Having come on our own steam, we didn't feel like joining the mass of tourists
'inside'; so we gazed from outside the fence. What a staggering achievement - built all
those millenia ago; the sheer size was quite awe-inspiring. It's the lintels that get me:
how could those people have raised them without modern technology? The whole site, set in
the vast, wide plain, conjured up ideas of great gatherings on important days
and nights of the year. Our very old ancestors created a massive monument that showed them
as impressive and creative people.
We spurned the tourist cafe at the site, and got on the tourist bus back to Salisbury; this
included a commentary about other earth works we passed, including the
Iron Age hill fort Old Sarum. Back in civilization, we indulged in the pleasures of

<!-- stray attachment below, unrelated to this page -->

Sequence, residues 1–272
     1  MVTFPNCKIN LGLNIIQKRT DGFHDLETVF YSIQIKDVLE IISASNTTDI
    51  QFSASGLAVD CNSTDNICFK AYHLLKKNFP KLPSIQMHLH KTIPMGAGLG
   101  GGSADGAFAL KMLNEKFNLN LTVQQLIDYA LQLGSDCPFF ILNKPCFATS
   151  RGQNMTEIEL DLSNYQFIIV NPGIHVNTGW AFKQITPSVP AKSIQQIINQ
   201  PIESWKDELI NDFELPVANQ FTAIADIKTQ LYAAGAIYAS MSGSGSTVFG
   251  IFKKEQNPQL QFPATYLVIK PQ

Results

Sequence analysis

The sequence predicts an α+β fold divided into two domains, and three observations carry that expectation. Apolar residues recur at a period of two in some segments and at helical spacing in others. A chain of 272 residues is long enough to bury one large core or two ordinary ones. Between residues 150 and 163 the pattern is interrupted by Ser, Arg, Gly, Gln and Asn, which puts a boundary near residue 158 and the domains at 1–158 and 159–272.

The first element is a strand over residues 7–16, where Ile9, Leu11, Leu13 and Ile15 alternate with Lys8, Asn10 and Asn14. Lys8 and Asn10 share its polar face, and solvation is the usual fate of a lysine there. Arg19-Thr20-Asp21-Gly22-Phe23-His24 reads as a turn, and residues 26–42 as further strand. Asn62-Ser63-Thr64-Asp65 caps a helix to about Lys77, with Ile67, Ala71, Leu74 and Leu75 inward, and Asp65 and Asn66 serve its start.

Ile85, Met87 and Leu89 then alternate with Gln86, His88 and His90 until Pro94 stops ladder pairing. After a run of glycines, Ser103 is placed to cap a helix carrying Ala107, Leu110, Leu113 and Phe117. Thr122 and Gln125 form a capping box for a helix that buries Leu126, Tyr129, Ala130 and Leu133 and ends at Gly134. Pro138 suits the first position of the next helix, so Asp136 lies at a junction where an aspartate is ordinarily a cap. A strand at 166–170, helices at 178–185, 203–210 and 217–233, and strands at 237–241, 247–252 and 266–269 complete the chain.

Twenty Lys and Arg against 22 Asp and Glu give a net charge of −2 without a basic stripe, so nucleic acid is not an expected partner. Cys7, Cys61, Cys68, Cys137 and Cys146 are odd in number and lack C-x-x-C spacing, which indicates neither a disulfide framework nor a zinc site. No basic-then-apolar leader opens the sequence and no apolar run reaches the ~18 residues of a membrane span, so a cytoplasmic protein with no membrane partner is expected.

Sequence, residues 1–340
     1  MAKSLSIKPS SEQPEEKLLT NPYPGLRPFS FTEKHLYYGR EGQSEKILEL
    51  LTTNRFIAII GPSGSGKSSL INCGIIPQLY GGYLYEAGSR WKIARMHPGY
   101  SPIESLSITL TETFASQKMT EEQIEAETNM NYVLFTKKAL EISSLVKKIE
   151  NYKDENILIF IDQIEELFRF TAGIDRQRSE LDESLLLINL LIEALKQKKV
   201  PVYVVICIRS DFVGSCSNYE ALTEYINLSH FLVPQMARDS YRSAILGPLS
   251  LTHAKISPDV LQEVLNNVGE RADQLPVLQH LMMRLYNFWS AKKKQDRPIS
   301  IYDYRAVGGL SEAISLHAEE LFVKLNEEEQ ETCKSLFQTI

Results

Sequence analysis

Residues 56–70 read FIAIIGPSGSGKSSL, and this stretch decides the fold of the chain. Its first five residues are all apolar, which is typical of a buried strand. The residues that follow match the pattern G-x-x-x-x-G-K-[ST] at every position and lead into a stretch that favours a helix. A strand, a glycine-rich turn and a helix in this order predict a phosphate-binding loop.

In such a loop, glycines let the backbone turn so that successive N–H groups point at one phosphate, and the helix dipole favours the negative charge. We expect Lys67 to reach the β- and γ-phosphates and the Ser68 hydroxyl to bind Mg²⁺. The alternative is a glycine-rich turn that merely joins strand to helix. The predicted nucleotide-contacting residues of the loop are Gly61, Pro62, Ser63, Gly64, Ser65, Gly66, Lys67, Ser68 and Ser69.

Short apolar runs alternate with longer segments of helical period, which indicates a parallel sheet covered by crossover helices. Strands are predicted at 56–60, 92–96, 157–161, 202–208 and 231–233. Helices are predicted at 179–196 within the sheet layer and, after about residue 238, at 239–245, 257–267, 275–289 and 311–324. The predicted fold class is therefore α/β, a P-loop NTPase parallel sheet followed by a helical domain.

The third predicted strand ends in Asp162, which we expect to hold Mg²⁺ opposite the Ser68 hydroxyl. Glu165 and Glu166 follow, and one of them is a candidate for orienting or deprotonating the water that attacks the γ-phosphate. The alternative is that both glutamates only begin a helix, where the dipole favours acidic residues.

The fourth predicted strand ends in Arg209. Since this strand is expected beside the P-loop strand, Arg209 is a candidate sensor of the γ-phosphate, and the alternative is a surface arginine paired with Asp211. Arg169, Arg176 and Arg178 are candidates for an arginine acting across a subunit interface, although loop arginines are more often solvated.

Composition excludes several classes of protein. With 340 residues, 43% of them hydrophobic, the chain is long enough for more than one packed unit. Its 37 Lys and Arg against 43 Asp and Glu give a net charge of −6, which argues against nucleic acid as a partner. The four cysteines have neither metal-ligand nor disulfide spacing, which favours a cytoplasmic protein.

tea and cake in the Old Market Square. And another sunny evening gave further
opportunity to review and relish the many pleasures of our two days.
Our friends made a few concluding comments: Ally said "the stirring beginning and end
gave the walk great symbolic significance; it was satisfying going from A to
B, with lots of variety in between." Dick added that "it was also interesting to
look at the middle of England, away from the sea, and see places where few tourists go."
In May 2014 we did the walk the other way. What we noted:
1) May is a beautiful time to walk in chalk country.
2) The new Visitor Centre seems nice, but you feel that English Heritage 'own' the site, and it's a nice little earner.
3) There are lots of information boards by the various neolithic sites, but when it
comes down to it they are mainly conjecture - we know almost nothing about the artefacts or the people who built them.
4) The variety of scenery on this walk is delightful.
5) The one real hill of the walk - 'Adam's Grave' - is well worth the climb.
6) If you get lost ask the Army, they know where they are - though their maps are (surprisingly) different from the Ordnance Survey.
© Diana Ambache 2014